First a confession.
We’ve been super selfish. Between our customers, prospects, and partners, and the incredible people from who we’ve learned at IABC, PRSA, Forbes Communication Council, #DySiThink and Ragan Communications, the #DySiTeam has gained some pretty invaluable insights.
But we’ve kept them all to ourselves. Until now.
Introducing Elite Voices. This new Dynamic Signal blog series will feature thought leadership, best practices, and innovative solutions from some of the best and brightest whom we are lucky to call our friends.
Every few weeks, we’re posing a new question to our Elite Community of communicators (#DySiElite) to ask them for their expertise on various topics and conversations. Then, we’re picking the best of the best and sharing them with you!
Our inaugural topic of conversation? Something that seems to be top of mind for every organization: Building trust with internal and external audiences. (And our community’s conversation did not disappoint!)
Authenticity Still Rules
“Authenticity is key to building trust in communications. The message(s) will resonate best with target audiences if delivered and driven by a trusted face or name — a Leader or Influencer that brings credibility as well as a genuine interest in the message.” –Inna Getselis, Global Editorial Manager at Mercer
“I think you can divide it up into building trust in a message and building trust in a person, and there are some overlapping and some different tactics to use in both. In terms of getting people to trust the message, much of that trust can be built up with who delivers it. When peers and, specifically, influential leaders are the deliverers of a message, employees’ natural hesitation tends to dissipate and the barriers to trust come down. In terms of building trust in an individual, having communicators speak naturally and authentically without a script is your best bet in terms of building trust in an individual. We had a wonderful discussion about that very topic in our recent Dynamic Signal ThinkTank in New York, and I walked away with a ton of great ideas on how to increase authenticity, especially in video.” -Adam Schair – Global Colleague Communications Leader at Mercer
But How Good IS IT?
According to Autodesk’s Jacob Shepard, the gut check our friend Jim Cockin at Sky uses to gauge content quality works for building trust, as well- If the content isn’t good enough to go in front of external audiences, then it’s not good enough to go in front of internal audiences either.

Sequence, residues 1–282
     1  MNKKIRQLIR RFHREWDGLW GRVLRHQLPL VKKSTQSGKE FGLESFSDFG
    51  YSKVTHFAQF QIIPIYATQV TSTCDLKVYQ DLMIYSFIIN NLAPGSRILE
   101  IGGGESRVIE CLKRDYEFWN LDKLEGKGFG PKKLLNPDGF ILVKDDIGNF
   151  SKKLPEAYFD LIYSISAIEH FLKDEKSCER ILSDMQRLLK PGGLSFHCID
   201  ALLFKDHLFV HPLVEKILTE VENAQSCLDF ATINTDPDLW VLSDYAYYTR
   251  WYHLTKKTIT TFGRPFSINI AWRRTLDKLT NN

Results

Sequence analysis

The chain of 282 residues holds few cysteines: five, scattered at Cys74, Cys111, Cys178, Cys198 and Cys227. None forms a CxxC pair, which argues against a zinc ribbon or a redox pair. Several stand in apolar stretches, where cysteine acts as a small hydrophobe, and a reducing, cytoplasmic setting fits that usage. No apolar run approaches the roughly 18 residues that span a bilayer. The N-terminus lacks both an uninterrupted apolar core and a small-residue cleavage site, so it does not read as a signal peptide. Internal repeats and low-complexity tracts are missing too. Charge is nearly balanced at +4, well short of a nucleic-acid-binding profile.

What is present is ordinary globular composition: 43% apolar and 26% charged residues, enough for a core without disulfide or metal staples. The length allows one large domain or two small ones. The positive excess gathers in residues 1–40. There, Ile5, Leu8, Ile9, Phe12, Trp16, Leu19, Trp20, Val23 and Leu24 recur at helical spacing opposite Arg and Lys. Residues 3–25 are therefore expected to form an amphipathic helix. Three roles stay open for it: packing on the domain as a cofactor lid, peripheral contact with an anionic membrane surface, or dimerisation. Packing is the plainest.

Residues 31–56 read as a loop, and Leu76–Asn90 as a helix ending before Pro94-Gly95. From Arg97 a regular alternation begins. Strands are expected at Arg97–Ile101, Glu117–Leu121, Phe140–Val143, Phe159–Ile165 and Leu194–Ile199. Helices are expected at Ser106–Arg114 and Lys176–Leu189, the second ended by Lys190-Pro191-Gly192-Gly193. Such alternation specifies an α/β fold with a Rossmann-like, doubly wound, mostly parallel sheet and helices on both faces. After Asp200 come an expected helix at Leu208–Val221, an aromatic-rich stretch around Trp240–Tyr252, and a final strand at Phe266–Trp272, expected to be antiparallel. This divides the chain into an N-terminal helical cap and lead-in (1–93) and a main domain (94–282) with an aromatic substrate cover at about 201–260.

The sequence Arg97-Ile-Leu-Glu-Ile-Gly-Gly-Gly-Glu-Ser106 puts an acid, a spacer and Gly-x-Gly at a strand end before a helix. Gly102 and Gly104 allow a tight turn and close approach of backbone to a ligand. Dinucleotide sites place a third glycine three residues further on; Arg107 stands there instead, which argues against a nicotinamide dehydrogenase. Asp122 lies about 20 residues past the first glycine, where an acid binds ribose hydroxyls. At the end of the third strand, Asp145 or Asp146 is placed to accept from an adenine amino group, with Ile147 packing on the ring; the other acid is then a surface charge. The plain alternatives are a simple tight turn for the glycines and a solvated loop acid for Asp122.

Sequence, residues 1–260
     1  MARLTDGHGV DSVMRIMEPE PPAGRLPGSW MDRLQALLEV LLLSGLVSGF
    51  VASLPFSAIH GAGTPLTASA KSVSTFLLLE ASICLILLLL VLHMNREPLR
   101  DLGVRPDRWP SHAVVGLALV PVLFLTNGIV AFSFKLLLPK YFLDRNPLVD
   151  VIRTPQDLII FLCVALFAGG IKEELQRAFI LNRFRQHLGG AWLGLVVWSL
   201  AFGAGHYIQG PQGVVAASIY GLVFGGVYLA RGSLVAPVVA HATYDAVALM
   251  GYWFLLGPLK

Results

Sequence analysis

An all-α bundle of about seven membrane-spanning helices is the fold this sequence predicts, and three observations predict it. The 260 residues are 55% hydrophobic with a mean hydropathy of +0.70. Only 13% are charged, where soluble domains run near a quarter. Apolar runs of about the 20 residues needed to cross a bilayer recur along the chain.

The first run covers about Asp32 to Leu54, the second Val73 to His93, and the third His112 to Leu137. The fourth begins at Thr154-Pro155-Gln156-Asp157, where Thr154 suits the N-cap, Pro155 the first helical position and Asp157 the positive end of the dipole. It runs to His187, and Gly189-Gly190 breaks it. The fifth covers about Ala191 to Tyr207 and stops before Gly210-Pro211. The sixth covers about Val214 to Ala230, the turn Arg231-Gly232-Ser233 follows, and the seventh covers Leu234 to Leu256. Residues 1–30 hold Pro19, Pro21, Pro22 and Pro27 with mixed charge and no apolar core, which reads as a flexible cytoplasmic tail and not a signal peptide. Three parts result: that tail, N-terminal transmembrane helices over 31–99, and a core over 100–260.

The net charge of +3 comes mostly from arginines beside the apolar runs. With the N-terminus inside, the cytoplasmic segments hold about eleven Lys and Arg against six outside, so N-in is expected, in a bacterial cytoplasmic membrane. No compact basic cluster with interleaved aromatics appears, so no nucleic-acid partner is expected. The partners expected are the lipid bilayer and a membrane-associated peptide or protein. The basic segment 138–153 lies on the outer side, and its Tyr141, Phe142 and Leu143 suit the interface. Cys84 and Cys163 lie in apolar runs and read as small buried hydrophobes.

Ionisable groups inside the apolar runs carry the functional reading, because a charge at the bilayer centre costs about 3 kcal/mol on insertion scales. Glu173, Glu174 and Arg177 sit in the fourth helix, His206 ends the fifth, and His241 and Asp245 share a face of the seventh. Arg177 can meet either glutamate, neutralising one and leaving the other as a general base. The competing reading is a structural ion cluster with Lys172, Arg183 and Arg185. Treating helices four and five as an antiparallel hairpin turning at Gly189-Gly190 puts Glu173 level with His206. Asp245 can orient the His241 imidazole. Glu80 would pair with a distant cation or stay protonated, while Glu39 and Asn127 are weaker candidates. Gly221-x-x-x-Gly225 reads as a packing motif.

“In today’s world content is a currency to build trust and therefore it is critical to make it high quality. In our program, we make sure to not only curate our content but ensure it is both written and packaged in a manner that our members want to consume it.” –Jacob Shepard, Content Marketing Manager at Autodesk
Passion with Purpose
As Dynamic Signal advisor Mark Ragan talks about… branded content can be “Infotainment.”
“Building trust with employees means offering them lots of fun and interesting things to share that have nothing to do with our company. I want them to share their thoughts on summer blockbuster movies, social issues they’re passionate about, and articles that support amazing things our customers are doing. Stress with employees that this is about them and their personal brand. I remind them that if they aren’t participating in conversations about the cool stuff they’re creating with peers on social media from other companies, they’re missing out. It’s like being a fan of a band and skipping out on a free concert they’re throwing in your front yard.” –Isaac Irvine – Manager of Employee Advocacy and Personal Brand at GoDaddy
Honesty is STILL the Best Policy… But Don’t Forget Humility
“I don’t know about you, but the indicator light on my B.S. meter starts flickering if every answer is “Yes” or “Sure, I know about that,” during a conversation. So even though we’re SAS’ Corporate Social Media Team, we don’t pretend to have all the answers. That’s one tried-and-true tactic we use to establish trust. It’s a method that may seem counter intuitive, but it’s made us more approachable and helped build rapport. — For example, when we train employees on a new social media skill, it’s not unusual for us to say, “I actually struggle with this too.” Bottom line: It’s about balancing ‘knowing your stuff’ with the reality that you can’t know it all.” –Alli Soule – Employee Engagement & Training at SAS
“Such an amazing point. And one of the best ways to build authenticity. A little humility goes a long way. People shouldn’t underestimate how attractive that can be in leaders and influencers.” –Adam Schair (in response to Alli)
Agree? Disagree? Join the conversation and tweet at us with your thoughts!